Tuesday, September 10, 2013

The Most Important Battle Ever Fought on Lake Erie

Today marks the 200th anniversary of the Battle of Lake Erie, a short but intense* shoot-out between American and British naval squadrons that killed or wounded 260 people and resulted in the disabling or capture of six British ships.  The battle made American commandant Oliver Hazard Perry a war hero - one of the few that the obscure and inglorious War of 1812 produced - with a popular tagline, "We have met the enemy and they are ours."

It was also, however, an important episode in Native American history, even though no Indians fought in the naval engagement.  Prior to the battle of September 10th, British ships controlled most of the Great Lakes and used this control to seize American forts in the region and to supply His Majesty's Native allies.  After the Battle of Lake Erie, the Americans were able to ship 5,000 men across the west end of Lake Erie to Detroit, which they retook from British forces before marching into southwestern Ontario.  It was there that the Indian confederation of Tecumseh and his brother Tenskwatawa made their wartime headquarters, and there that American forces smashed the confederacy on October 5th, at the Battle of Moraviantown. Native American casualties in the battle were light, but they included Tecumseh, whose death fatally demoralized his already exhausted confederates.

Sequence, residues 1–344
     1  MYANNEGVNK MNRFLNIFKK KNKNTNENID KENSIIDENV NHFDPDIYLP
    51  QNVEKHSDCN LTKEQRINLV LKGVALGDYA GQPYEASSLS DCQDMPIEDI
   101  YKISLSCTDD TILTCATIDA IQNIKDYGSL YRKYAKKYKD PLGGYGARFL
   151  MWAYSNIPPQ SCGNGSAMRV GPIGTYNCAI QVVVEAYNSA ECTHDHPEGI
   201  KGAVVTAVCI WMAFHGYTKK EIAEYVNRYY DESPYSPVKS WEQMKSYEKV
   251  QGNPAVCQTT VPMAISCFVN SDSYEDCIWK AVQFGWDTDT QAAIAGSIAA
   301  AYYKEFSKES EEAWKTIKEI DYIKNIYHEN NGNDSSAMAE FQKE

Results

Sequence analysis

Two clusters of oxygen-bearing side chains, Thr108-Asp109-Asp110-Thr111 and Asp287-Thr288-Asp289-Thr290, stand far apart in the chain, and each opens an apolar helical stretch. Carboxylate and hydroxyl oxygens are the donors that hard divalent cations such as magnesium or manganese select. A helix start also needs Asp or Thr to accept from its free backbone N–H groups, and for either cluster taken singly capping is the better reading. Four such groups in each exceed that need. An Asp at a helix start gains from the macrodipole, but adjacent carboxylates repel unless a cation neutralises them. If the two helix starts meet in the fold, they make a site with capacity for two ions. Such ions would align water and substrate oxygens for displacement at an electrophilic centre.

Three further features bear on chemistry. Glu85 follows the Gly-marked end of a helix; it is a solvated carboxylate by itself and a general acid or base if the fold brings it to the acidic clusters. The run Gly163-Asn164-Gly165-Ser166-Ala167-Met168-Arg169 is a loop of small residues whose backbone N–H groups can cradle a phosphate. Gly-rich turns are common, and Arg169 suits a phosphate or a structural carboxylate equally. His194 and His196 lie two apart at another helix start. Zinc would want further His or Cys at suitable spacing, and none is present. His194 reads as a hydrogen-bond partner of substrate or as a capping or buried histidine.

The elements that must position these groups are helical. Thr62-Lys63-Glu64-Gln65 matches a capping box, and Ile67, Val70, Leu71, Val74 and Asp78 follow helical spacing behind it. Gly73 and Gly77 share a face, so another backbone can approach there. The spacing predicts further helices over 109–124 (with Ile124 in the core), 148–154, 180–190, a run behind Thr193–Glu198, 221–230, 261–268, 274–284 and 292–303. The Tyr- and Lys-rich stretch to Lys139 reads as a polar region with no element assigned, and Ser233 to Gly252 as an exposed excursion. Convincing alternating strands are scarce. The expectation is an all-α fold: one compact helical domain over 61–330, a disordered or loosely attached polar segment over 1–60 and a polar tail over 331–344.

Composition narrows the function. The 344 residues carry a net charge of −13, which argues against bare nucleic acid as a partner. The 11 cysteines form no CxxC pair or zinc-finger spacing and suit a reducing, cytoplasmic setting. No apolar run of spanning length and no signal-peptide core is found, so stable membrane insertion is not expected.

In this case, it wasn't just superior American numbers that mattered, but also superior American mobility, without which the United States would not have been able to move so many men so far away from their supply base.  The fall of Tecumseh's confederacy thus resulted, part, from a fateful imbalance between U.S. and Northwest Indian forces: one side had a navy, and the other did not. (H/t to Gregory Evans Dowd, A Spirited Resistance [1992], 184-185.)


* British sailors who'd fought in both the Battle of Trafalgar and the Battle of Lake Erie said that the 1813 engagement was more vicious and violent.

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